Extensive research led by EDF from 2012 to 2018 shows methane leaks in the U.S. are a far greater threat than the government’s estimate suggests.
The Environmental Protection Agency says the oil and gas industry emits eight million metric tons of methane a year. Our first-of-its kind, five-year research series uncovered at least 13 million metric tons.
That number — 60% higher than EPA’s — is massive. The wasted gas is enough to fuel 10 million homes for a year, lost gas that's worth an estimated $2 billion.
This giant discrepancy renews our commitment to tackle methane pollution that threatens the climate.
We needed data to see the bigger threat
No one was sure exactly where methane leaks happened along the oil and gas supply chain or how much escaped. The lack of data posed a critical problem, as methane — the main ingredient of natural gas — damages our climate.
Meanwhile, U.S. natural gas production is booming. In 2010, the share of natural gas used for generating electricity was 20% and rising, with few regulations to keep air pollutants like methane in check.
Even a small amount of methane emitted to the atmosphere can undo some or all of the benefits we think we’re getting when we substitute natural gas for coal or oil.
We needed more information to determine the scope of the methane leak problem. So in 2012, we launched an extensive series of 16 independent, rigorously executed projects.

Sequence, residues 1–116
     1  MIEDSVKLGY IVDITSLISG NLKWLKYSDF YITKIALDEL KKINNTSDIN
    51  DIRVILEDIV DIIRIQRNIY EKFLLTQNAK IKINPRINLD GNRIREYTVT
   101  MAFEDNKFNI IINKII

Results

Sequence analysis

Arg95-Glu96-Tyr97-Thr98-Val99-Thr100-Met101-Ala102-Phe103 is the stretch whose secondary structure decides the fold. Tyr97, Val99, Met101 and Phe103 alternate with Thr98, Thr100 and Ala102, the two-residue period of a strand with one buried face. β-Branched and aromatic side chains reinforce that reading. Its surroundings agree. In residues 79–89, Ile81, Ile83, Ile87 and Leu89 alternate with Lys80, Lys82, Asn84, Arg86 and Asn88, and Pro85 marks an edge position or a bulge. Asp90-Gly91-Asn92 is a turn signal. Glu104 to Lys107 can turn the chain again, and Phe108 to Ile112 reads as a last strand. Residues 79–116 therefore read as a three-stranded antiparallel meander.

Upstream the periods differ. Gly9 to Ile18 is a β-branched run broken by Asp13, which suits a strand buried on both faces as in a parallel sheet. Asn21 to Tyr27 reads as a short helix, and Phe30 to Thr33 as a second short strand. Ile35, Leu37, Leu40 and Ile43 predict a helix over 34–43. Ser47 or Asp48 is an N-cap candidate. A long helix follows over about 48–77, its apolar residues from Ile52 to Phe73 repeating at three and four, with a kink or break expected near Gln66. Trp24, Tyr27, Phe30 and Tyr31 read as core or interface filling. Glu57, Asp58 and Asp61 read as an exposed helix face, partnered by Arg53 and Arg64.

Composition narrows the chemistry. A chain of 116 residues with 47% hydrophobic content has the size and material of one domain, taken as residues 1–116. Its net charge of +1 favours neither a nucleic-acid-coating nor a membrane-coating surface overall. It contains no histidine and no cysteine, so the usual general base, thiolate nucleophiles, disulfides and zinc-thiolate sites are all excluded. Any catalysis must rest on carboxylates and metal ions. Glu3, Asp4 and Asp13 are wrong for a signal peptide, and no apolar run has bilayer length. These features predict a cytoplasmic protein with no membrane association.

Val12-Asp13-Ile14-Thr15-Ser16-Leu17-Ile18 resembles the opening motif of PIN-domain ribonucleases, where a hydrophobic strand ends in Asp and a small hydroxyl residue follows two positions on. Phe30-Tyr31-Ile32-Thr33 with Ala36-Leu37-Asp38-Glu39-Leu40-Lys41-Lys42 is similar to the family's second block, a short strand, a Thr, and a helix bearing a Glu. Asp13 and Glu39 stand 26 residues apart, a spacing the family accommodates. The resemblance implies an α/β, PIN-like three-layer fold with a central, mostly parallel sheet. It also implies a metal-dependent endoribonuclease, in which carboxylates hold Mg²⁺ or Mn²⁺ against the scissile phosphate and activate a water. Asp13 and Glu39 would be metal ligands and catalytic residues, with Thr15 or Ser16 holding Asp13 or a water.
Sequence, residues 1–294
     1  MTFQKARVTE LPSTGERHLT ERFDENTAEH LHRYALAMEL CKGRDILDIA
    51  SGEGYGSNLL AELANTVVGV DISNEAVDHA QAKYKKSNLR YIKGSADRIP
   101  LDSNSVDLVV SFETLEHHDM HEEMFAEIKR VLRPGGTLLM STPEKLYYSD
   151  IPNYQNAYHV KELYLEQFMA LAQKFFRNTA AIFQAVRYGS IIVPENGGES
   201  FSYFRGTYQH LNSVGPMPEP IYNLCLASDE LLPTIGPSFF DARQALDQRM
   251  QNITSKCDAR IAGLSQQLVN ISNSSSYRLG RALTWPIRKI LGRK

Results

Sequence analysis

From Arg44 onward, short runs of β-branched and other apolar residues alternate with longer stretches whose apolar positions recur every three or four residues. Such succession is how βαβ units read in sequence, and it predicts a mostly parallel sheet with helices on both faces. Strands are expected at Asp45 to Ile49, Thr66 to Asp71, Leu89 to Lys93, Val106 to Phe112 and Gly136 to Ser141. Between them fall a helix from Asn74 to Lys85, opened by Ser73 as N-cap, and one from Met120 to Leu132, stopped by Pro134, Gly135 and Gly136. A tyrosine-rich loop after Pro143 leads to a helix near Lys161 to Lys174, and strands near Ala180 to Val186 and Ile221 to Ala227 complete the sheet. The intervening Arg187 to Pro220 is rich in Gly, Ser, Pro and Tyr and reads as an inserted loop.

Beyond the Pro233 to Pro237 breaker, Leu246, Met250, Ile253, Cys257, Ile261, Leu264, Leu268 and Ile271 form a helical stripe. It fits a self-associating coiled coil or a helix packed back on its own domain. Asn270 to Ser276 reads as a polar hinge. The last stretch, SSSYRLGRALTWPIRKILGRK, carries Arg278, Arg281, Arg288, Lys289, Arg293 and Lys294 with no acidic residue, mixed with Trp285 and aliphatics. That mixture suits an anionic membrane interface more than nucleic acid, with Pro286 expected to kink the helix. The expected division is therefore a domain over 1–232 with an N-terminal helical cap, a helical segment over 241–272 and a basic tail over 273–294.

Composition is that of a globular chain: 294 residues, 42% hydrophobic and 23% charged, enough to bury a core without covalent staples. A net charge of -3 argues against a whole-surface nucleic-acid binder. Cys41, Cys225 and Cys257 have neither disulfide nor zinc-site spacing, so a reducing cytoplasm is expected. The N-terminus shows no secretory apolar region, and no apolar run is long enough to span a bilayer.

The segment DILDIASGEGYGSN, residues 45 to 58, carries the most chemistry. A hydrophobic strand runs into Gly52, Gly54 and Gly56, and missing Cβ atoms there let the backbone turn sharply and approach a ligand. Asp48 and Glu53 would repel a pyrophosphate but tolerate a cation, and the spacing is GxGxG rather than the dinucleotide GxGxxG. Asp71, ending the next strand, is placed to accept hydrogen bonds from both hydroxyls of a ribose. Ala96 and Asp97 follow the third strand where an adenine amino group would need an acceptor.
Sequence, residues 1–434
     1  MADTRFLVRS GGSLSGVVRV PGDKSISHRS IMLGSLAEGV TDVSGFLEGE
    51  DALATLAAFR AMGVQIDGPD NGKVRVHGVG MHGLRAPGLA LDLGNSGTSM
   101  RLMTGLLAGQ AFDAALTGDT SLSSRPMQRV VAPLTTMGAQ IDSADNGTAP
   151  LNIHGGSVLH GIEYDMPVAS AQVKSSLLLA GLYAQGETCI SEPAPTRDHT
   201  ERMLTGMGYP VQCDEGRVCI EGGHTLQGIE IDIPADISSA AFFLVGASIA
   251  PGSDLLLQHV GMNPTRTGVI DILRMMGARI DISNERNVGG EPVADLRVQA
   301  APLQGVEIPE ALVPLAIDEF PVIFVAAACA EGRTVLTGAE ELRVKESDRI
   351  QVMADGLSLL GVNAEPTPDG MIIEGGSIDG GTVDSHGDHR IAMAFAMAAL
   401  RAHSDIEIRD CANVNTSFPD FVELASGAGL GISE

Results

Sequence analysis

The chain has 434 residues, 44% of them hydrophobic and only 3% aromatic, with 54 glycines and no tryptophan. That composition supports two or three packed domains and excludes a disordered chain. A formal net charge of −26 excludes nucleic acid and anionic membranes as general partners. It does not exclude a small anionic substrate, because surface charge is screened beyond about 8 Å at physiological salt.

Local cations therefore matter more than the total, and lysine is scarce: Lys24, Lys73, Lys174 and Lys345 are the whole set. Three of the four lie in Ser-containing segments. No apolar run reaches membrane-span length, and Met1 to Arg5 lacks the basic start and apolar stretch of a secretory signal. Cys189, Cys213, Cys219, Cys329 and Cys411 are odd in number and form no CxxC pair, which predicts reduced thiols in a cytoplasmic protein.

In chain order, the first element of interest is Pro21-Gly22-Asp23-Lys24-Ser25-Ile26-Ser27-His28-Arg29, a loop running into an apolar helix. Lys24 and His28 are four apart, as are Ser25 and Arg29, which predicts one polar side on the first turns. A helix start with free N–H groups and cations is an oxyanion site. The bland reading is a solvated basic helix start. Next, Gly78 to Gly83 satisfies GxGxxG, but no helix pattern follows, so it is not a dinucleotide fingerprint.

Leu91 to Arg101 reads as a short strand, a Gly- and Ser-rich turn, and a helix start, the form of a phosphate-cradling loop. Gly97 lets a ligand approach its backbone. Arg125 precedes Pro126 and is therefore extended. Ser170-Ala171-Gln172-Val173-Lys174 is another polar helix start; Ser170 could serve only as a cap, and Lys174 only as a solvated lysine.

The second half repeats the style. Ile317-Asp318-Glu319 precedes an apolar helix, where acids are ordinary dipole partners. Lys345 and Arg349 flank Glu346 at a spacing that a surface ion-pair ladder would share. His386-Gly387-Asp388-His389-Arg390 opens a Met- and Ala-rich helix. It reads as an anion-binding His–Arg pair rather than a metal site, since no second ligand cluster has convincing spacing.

Groundbreaking investigation goes big
Spotting a growing interest in methane research, we brought together more than 140 research and industry experts [PDF] from 40 institutions and 50 companies.
Collaboration and sharing information in real time were key, as measuring methane — an odorless, colorless gas that dissipates quickly — is challenging work.
And results can vary, depending on the measurement tools, the conditions of the test sites and the researchers’ scientific assumptions. We helped combine, compare and contrast methods to provide clarity.
The studies examined all areas that make up the oil and gas supply chain: production; gathering lines and processing facilities; long-distance pipelines, storage and local distribution; as well as some consumers using natural gas, commercial trucks and refueling stations.
Rigorously pursuing the full picture
No single method of measuring methane can provide all the answers. So the researchers deployed various scientific techniques.
Several studies included aerial measurements from aircraft equipped with methane sensors. These "top-down" readings add to traditional "bottom-up" readings, or measurements taken right at the potential emission source, often at ground level.
Bottom-up measurements are essential to identifying sources of methane pollution, but they frequently miss and underestimate emissions.
Top-down readings provide a snapshot of emissions over a whole region. Yet, those readings have limitations, too, as they capture unrelated methane sources.
Together, these two methods can complement each other and provide greater insight than either one alone.
The results strengthen the case for action
As the study series shows, there's little time to waste if we want to avoid the worst impacts of climate change.
We’re sharing those methods and the research with decision-makers. And we’re intensifying our defense of federal and state rules that protect us from methane pollution, while expanding our methane research globally.
Meanwhile, we’re aiming to catalyze a community of researchers — both inside and outside academia — to build on our work.
Armed with evidence of methane’s true threat, we're doing more than ever to attack it. You can find an overview of our work on methane here.